Could Digital Currencies Make Hayek’s Denationalization of Money Dream Come True?

by Dr. Emanuele Canegrati (Italy)
Fellow Liechtenstein Academy

Could Digital Currencies Make Hayek’s Denationalization of Money Dream Come True? And can a basket of cryptocurrencies be the new world monetary basis? Perhaps it is too early to answer these questions, as the cryptocurrencies and the blockchain revolution is only at its very beginning and digital moneys such as Bitcoin or Litecoin are still considered by many famous economists and investors only as a big financial bubble ready to burst. But, left aside all the speculation-related issues, that certainly surround the current digital currencies market, one may be brave and answer in a positive way. In his best-seller book “The Denationalization of Money” (1976) Friedrich Hayek expressed his thoughts about the role of currencies, by advocating the establishment of competitively issued private moneys, against the public money issued by central banks. Those central banks that still have the decisional monopoly power on money today.

could digital currencies make hayeks denationalization of money dream come true
Could digital currencies make Hayek’s denationalization of money dream come true?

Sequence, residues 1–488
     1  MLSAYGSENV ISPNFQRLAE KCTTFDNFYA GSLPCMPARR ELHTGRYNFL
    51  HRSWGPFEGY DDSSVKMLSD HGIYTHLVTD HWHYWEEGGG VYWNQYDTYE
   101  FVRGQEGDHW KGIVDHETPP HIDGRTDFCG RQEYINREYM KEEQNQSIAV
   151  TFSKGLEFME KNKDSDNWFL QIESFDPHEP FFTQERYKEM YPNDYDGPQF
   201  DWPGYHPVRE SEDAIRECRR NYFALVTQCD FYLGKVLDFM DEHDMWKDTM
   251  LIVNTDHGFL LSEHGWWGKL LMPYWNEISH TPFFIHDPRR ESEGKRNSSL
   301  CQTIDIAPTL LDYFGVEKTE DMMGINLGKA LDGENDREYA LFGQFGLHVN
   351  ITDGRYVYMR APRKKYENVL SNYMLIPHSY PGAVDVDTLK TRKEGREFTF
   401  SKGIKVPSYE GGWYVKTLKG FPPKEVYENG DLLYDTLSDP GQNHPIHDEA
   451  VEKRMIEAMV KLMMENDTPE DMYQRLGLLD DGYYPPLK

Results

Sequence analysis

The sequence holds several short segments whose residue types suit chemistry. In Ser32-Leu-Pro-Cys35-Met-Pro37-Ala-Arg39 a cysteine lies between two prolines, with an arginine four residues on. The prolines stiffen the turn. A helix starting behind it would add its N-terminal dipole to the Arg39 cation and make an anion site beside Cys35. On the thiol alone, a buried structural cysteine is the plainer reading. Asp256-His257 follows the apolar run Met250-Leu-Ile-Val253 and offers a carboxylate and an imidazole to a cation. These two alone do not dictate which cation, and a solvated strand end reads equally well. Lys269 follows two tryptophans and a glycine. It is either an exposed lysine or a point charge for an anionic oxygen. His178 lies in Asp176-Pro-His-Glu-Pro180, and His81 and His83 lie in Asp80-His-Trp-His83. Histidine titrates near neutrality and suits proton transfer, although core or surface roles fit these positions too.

In 1978 Hayek published also a revised and enlarged edition of the book entitled “Denationalization of Money: The Argument Refined”, where he proposed a monetary system where, rather than entertaining an unmanageable number of currencies, markets would converge on one or only a limited number of monetary standards. According to Hayek’s idea, private business should be given the opportunity to issue their own private currencies, which, thanks to the free market mechanisms, would compete for acceptance. The acceptance of a currency is given by its reaching the stability in value, as competition tends to favor currencies with the greatest stability, since currency devaluation hurts creditors, while a revaluation hurts debtors. Therefore, stability emerges as a “spontaneous order” of the market, rather than through a political decision made by central bankers, through the “monetary policies”, for whatever they mean. Hence, customer-citizens would choose the monies which they expected to offer a mutually acceptable intersection between depreciation and appreciation. Hayek maintained also that institutions may find through experimentation that a basket of commodities forms the ideal monetary base. Institutions would issue and regulate their currency primarily through loan-making, and secondarily through currency buying and selling activities. It is postulated that the financial press would report daily information on whether institutions are managing their currencies within a previously-defined tolerance.